The ad copy caught my eye: YES, IT WORKS! TEE OFF WITH PRAZZA AND WALK STRAIGHT TO YOUR BALL EVERY TIME!
The message touched a nerve. I was only a few days removed from a round at Clover Hills Country Club, where I had donated two sleeves to the tree-and-rough gods.
"Losing your ball is an unwanted hassle," the ad continued. "On average, most golfers lose four balls per round, adding a total of 20 minutes of play just searching for their ball." To combat this injustice and to keep play moving, the good folks at Prazza—a Dutch company with roots in the lucrative field of commercial-vehicle tracking—devised a ball containing a miniature radio transmitter that sends a beeping sound to your handset.
"Effective within 100m, your Prazza Golf Ball Finder will find your high performance Prazza ball every time," the ad concludes. "Save time, save shots, save money—and play golf with a smile!" I was already smiling, but I wasn't quite ready to fork over $399 for the Prazza handset or $30 for a sleeve of balls. And why a sleeve? Shouldn't one ball be enough?
Then I saw a Christmas ad for the Wilson X Connected basketball. "If they've got any kind of game—and an iPhone—they'll want this ball," the ad boasted. "The world's first attachment-free smart basketball tracks makes, misses and shot range when paired with the app via Bluetooth and any regulation 10-foot hoop." I don't lose many basketballs, so I was able to resist Wilson's pitch. But the notion that we're about to enter an era of "smart ball" technology is now firmly embedded in my dual-core, soft-center cranium.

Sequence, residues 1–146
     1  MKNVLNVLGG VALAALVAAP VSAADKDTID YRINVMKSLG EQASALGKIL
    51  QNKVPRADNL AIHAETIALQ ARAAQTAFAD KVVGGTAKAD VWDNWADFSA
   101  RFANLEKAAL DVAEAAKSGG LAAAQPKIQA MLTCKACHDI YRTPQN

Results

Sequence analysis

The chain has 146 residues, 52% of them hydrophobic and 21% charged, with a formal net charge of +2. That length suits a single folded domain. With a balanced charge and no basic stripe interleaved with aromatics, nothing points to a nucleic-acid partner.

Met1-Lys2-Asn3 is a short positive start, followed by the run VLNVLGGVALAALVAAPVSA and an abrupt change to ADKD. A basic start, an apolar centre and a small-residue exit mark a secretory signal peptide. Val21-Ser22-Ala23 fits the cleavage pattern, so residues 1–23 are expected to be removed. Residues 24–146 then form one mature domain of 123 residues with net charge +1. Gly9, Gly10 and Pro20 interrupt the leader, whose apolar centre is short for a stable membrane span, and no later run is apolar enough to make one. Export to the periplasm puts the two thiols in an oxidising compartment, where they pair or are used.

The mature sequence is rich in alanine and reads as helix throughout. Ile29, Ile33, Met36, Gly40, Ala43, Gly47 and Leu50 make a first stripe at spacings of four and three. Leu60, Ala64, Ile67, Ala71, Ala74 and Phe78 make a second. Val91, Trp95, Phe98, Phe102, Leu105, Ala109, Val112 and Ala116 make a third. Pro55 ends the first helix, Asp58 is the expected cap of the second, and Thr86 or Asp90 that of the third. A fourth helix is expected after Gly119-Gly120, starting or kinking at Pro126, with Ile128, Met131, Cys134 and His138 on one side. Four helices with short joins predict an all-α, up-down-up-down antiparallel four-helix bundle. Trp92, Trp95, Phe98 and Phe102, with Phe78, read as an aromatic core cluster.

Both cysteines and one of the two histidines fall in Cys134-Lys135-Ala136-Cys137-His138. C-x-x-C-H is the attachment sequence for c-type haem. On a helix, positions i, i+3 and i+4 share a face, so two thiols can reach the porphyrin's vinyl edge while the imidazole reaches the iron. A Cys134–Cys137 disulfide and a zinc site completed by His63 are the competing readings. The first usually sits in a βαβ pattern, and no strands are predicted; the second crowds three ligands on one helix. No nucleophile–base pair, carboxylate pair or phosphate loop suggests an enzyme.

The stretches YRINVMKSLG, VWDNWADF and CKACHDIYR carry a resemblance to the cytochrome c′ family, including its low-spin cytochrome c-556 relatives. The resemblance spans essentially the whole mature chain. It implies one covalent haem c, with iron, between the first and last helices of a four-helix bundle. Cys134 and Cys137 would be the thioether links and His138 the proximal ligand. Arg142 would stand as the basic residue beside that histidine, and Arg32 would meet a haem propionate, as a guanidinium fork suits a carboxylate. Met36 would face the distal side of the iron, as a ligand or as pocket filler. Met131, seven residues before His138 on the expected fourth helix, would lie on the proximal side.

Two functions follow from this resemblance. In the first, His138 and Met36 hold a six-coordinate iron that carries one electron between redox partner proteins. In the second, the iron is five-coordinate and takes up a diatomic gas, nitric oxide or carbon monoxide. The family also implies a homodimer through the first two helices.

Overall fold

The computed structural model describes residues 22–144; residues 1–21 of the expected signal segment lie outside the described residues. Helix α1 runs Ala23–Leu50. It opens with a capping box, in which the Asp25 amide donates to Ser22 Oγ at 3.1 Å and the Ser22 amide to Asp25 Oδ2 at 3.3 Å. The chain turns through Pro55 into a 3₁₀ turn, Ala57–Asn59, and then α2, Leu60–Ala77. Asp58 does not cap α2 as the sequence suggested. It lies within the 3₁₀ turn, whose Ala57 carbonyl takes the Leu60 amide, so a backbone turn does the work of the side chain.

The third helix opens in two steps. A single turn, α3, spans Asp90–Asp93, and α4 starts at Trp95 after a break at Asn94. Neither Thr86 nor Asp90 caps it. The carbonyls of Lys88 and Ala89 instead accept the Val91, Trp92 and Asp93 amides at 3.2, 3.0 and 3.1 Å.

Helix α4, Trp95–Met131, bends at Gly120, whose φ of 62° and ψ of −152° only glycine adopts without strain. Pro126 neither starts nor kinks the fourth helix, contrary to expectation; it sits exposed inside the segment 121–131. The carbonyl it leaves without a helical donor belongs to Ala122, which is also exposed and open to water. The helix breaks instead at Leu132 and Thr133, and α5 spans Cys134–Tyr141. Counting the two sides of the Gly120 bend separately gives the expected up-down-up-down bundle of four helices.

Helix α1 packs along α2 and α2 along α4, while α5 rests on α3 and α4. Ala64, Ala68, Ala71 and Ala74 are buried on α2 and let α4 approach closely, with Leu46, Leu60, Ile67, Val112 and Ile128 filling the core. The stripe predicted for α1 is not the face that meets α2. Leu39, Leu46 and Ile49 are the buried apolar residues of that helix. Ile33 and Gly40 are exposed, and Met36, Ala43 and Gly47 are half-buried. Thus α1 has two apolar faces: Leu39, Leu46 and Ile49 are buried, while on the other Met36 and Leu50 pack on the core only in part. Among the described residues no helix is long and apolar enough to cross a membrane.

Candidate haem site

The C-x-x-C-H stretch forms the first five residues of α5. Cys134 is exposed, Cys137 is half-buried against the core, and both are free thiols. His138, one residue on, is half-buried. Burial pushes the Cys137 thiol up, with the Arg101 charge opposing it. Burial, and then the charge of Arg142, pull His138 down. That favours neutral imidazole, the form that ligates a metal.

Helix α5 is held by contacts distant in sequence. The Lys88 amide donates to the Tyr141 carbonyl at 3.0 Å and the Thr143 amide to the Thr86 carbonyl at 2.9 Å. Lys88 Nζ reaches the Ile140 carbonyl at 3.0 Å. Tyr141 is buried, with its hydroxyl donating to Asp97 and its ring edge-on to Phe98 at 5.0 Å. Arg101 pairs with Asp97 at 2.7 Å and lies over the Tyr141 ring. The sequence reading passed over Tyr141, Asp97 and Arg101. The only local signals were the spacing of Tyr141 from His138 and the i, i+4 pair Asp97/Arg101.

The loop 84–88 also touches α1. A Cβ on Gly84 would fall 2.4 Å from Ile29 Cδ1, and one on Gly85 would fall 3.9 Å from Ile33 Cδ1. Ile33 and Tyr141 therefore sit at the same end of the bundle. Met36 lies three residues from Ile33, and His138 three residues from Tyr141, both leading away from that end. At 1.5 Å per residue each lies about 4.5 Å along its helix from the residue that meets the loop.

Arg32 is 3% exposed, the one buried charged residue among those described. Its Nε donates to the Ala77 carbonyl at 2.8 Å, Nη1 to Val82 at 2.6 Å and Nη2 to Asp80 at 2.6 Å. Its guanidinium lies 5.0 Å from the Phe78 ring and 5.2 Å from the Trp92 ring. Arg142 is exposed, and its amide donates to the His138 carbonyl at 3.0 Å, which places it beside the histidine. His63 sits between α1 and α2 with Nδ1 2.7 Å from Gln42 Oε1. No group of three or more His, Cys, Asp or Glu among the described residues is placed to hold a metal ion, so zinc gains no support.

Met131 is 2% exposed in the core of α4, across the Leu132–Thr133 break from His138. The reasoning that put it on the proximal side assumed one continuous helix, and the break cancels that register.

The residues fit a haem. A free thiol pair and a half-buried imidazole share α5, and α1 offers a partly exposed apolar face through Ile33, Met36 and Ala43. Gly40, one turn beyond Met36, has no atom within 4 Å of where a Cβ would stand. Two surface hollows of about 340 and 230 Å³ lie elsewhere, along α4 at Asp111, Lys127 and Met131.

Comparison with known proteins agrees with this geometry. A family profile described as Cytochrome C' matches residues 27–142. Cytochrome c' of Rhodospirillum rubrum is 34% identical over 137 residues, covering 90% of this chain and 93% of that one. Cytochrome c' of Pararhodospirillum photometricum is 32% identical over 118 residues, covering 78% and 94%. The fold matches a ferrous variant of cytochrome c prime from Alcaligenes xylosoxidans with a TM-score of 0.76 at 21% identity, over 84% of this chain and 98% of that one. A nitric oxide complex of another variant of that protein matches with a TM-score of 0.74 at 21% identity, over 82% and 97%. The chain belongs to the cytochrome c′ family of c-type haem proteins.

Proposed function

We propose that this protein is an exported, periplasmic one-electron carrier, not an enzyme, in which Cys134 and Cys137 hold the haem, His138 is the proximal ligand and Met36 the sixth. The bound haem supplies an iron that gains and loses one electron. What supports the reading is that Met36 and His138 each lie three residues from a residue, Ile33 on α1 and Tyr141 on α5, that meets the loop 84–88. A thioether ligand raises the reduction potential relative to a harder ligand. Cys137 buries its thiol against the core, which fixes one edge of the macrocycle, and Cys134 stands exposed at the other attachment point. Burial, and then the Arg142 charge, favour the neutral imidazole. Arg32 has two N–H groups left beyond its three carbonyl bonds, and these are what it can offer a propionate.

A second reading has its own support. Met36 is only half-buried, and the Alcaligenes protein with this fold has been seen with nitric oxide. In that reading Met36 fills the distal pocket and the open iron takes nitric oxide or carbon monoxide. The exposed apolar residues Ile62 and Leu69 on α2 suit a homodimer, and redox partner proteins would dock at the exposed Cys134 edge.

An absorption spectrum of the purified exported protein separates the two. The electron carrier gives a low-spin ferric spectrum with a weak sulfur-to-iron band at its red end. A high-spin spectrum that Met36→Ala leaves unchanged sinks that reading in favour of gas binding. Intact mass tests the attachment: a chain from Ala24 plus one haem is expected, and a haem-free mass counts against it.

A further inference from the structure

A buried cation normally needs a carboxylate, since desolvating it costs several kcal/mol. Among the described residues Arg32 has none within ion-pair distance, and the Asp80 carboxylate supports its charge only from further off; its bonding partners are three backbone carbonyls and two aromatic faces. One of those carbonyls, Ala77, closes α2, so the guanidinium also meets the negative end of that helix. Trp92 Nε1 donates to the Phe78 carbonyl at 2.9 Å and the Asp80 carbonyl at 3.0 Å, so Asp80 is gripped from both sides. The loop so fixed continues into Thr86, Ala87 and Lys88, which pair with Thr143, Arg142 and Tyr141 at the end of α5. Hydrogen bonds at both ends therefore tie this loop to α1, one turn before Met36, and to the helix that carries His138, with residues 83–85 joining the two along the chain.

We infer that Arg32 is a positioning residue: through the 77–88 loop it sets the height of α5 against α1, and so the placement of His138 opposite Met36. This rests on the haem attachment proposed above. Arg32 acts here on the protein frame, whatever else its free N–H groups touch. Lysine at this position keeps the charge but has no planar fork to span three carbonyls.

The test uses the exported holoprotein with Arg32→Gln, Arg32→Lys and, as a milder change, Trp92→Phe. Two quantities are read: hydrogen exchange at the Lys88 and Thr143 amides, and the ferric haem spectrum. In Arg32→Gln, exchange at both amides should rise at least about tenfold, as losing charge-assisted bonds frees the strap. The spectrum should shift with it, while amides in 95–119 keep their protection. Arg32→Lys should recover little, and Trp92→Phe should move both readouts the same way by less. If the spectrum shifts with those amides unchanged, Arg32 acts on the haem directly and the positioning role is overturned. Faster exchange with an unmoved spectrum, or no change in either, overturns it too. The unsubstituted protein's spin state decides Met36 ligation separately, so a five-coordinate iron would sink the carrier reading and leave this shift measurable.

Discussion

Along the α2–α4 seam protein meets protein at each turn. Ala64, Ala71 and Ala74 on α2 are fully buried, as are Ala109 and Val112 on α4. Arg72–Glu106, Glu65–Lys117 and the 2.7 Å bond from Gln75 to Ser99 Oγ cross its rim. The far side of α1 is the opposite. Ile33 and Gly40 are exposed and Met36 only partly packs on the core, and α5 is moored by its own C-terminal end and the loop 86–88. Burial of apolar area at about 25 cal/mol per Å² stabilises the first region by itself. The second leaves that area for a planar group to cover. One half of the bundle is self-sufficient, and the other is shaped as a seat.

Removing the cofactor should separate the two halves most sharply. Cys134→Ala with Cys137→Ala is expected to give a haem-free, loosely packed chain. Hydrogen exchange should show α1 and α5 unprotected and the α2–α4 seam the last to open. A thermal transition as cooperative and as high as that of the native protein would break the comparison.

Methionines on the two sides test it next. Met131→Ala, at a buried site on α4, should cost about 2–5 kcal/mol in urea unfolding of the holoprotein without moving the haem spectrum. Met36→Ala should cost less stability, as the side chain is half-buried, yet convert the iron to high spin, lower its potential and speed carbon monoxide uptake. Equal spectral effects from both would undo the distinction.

Did I mention Topgolf? The driving-range chain recently opened one of its triple-decker playpens near my Kansas City home. "Sprawling entertainment venue with a high-tech driving range & swanky lounge with drinks & games!" the website proclaimed. I'm a recovering range rat, so the promise of lofty tech was like catnip, if I can mix small-mammal metaphors. I celebrated the New Year on the third tier of the Overland Park Topgolf, smacking smart balls down to flying-saucer-shaped targets. Upon landing, the balls somehow communicated with a computer in my stall, posting scores on a high-def screen—or, in "practice mode," the distance each ball had traveled.
Topgolf's yardage data satisfied my long-held yearning for real-time analytics regarding full-iron shots versus knockdown shots with a less-lofted club. (I found it to be a one-club differential with my wedges, two clubs with the longer irons.) Topgolf's pepperoni-and-sausage flatbread satisfied my yearning for lunch.
To satisfy my curiosity, I called Andrew Macaulay, chief technology officer for Dallas-based Topgolf International. He confirmed that Topgolf's range ball contains a passive radio-frequency identification chip (RFID) about a centimeter wide, borrowing technology used in everything from retail-store anti-theft tags to livestock identification. "Otherwise," Macaulay said, "it's a perfectly regular single-core golf ball."
Only smarter. When you wave your clubhead over an electric eye in the ball dispenser, a Topgolf orb rolls past an antenna that activates the chip and tags it to the player. The system then waits for the ball to show up on the target field, which employs roughly 500 netted target segments and an end-of-the-range trench. A net collects the ball and funnels it to a box, where it passes another antenna, which reads the ID and signals the computer in the bay. "All the smarts really happen in the bay computer," Macaulay said. "It figures out the yardage or the score for the game you're playing." Asked if the chips were durable enough to withstand the pummeling of a tour pro, Macaulay said that the manufacturer, Callaway Golf, had fired balls out of a cannon into steel plates without consequence: "The cover is going to degrade before the chip stops functioning."